HOW TO CUT AN AVOCADO
- Place the avocado on a cutting board.
- Cut the avocado in half.
- Stick your knife in the avocado pit.
- Twist the knife to remove the pit.
- Score the avocado flesh and scoop out with a spoon.
- Alternatively, use a spoon to loosen the flesh from the skin and then scoop out.
- What Is An Avocado?
- Picking Avocados
- How to Store Avocados
- How to Cut an Avocado
- Knife Recommendations for Cutting Avocados
- The Best Guacamole Recipe
- Frequently Asked Questions
1. What Is An Avocado?
Avocados are a fantastic fruit. They might be as close to perfect as food can get. They taste great, they are good for you (generally), they go well with just about everything (avocado toast, avocado salad, you name it), and apparently they’re even good for your skin and hair. I’m a fan.
Now that we’ve established that I’m an avocado enthusiast, I want to talk about a couple downsides to the noble avocado. For one, the fruit is extremely sensitive when it comes to the weather -- they’re prone to quick spoilage, and finding one at the perfect state of ripeness is extremely tricky.
They also present a challenge for those of us who didn’t grow up working with them: cutting and slicing them feels like an intimidating task when you’ve never done it before. There’s so much that could go wrong! But don’t worry: there’s actually nothing to it. In this guide, we’ll discuss how to pick the best avocado, how to cut an avocado, how to store them, and even share with you an incredible guacamole recipe.
2. Picking Avocados
If you’re in the United States, you’re extremely fortunate in that you have avocados available all year round. From February to September, avocados are in season in California; when they’re not, they’re supplemented from crops in Latin America. So unlike a large chunk of the world, you’re able to pick up avocados at the supermarket or greengrocer whenever you feel in the mood for some guacamole, avocado salad or avocado salsa... (or avocado toast, if you’re a millennial).
Because of how sensitive avocados are to temperature, you’re likely to find a pretty wide variety of states of ripeness when you’re browsing the produce section. Your best tools to figure this out are your senses. Let’s talk about how to identify when an avocado is ready, and what to expect from each of the different states
If an avocado feels firm and has a bright green color: This is an unripe avocado. Hold it in your hand and apply some gentle pressure -- if it still feels firm and does not yield, it will be ripe in 4 or 5 days. Buy these if you’re planning ahead.
If an avocado feels softer (but not quite soft): This avocado is “breaking” (or almost ripe). You can expect them to be fully ripe in 1 or 2 days. These will vary in color.
If an avocado yields to gentle pressure: This is a perfectly ripe avocado, ready to eat. These avocados may have a darker color, but this will vary. These are perfect to eat the same day you purchase them; store them in the refrigerator if you plan to eat them in a day or two.
If an avocado feels mushy to the touch: This avocado is likely overripe. You’ll find it has a rancid smell as well. Not great for eating.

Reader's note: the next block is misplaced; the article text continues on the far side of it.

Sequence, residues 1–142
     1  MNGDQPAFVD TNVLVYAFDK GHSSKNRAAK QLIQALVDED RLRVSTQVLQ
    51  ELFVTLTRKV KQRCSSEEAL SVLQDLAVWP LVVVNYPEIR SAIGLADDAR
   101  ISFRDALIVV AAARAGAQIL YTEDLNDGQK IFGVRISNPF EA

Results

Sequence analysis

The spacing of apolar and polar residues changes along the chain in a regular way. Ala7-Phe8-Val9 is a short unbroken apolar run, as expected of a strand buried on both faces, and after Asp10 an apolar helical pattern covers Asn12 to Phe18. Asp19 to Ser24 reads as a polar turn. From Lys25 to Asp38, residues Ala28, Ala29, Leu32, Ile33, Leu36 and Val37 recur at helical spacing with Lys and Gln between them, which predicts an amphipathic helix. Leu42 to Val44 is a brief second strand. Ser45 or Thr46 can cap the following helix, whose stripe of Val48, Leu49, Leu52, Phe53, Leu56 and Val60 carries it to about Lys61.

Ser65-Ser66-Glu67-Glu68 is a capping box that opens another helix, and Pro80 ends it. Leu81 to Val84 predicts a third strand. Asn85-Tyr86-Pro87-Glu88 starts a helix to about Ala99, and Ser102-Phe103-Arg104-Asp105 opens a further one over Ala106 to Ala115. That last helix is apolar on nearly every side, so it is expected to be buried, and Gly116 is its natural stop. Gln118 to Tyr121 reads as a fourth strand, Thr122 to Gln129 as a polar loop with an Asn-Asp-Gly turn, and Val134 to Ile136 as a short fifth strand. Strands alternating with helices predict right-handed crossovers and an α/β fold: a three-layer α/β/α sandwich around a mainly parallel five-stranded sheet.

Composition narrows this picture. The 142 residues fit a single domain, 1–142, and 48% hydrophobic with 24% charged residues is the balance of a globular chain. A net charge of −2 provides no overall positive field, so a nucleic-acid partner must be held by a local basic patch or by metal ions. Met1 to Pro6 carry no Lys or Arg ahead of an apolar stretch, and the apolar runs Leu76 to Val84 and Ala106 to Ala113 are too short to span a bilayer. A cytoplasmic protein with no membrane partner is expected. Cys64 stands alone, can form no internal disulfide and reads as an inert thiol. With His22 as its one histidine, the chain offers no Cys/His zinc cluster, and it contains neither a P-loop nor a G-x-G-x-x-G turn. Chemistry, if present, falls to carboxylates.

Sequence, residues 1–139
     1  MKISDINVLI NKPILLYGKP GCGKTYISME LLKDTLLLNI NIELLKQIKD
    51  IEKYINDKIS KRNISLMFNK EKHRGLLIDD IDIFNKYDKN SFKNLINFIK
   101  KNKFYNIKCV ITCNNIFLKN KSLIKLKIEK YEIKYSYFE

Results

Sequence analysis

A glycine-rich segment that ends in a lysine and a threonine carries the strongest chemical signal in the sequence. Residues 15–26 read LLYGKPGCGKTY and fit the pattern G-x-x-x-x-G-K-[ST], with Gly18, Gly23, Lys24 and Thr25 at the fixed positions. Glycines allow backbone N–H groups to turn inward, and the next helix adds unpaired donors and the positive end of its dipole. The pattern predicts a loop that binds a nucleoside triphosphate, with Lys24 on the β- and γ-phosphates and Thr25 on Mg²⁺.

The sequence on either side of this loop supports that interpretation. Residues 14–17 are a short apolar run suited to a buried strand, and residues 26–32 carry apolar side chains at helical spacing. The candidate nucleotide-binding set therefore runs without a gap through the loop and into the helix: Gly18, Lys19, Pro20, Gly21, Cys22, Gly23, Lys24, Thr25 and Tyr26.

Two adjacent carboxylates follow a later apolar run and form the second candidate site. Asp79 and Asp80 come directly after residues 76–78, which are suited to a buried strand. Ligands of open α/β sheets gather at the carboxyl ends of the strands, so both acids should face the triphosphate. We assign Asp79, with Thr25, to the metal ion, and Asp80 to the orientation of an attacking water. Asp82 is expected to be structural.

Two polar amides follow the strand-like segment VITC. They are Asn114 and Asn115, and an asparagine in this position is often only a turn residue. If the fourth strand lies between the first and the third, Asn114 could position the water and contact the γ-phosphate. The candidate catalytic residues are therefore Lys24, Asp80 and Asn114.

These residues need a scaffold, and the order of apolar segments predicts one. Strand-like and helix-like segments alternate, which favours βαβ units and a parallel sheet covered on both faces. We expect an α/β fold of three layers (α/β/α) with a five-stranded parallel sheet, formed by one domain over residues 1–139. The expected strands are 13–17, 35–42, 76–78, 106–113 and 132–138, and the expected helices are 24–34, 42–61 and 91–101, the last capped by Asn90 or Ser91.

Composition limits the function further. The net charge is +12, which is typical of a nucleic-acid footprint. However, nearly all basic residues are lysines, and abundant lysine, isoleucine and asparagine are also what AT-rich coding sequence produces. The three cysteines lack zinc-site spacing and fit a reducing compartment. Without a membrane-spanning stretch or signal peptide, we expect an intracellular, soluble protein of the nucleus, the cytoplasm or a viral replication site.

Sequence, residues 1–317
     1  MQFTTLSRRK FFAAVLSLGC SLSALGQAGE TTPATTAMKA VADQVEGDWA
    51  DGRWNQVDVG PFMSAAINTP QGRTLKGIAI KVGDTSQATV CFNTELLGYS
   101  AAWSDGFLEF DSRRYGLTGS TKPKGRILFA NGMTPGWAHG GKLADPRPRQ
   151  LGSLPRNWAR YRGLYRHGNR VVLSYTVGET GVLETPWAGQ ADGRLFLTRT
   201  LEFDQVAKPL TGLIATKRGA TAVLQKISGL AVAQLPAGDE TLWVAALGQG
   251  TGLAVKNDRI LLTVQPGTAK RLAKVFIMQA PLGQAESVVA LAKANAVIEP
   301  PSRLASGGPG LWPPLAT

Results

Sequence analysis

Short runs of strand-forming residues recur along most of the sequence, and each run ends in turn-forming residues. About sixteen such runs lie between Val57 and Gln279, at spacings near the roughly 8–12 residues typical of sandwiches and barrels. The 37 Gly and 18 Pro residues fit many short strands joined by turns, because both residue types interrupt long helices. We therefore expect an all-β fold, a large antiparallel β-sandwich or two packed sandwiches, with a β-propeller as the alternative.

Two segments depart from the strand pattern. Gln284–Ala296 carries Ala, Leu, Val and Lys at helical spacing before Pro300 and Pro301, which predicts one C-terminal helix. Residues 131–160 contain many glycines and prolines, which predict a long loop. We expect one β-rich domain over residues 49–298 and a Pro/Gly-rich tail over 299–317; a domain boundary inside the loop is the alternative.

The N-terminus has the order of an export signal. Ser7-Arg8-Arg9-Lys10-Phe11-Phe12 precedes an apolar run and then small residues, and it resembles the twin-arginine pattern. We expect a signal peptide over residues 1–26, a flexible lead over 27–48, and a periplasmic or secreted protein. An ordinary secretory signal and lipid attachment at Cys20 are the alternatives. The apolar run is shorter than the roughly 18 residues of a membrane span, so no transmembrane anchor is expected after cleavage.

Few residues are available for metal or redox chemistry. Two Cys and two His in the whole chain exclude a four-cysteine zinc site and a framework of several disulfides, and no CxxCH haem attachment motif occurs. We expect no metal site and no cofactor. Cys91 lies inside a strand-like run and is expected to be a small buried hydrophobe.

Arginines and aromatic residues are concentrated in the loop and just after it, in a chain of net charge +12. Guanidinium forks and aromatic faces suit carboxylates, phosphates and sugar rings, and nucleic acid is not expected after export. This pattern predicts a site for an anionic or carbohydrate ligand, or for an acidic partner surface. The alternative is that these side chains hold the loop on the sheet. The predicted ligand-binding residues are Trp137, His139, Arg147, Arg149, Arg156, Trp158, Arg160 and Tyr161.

3. How To Store Avocados
As we’ve established, avocados are pretty sensitive. This may make some folks a bit hesitant to buy and handle them. Don’t be! It’s tricky, but it’s so worth it.
Once you’ve determined the state of ripeness of your avocado, it’s just a matter of deciding when you’re going to consume it. If your avocado is ripe and you’re not going to eat it today, you can stick it in the fridge and it’ll last for 1 or 2 days. Maybe 3, but that’s stretching it. The cold slows down the ripening process.
If your avocado isn’t quite ripe yet, leave it out on the countertop. Just make sure to check for ripeness daily as this is a tricky variable and you don’t want to miss your window.
And if you’ve cut your ripe avocado and you want to save some leftover avocado for later, it’s a matter of limiting its exposure to oxygen as much as possible in order to prevent oxidation. You can “seal” the surface of the flesh with some lime or lemon juice (or even olive oil), then put some plastic around it so that it clings to the avocado. Then store in the refrigerator. It won’t keep too long, but this will buy you another day.
4. How To Cut An Avocado
If it’s your first time cutting an avocado, I totally understand why it would seem daunting. It seems like the thing you would need serious knife skills to pull off. You don’t want to damage the flesh or risk doing anything that puts this wonderful fruit in less than optimal conditions. Also what the heck do you do about that giant seed in the middle?!
Fear not. It’s actually much simpler than it seems. All you need is a quality knife, an avocado, and a cutting board. For the benefit of all avocado newbies out there, let’s talk about how to cut an avocado like a pro.
How to cut an avocado:
Cut the avocado in half. Place your avocado on a cutting board and use a sharp knife to slice through the avocado lengthwise until you feel the knife hitting the pit. Then keep the knife steady as you rotate the avocado to make a cut all around the pit. Then simply twist both halves apart. You did it!
- Remove the seed / pit. It’s not as hard as it looks. Simply aim your knife at the pit and whack into it with some force (you want to keep the knife from slipping). Once it’s firmly lodged in, you can simply twist the knife and pull out the pit. From here, you have a couple options.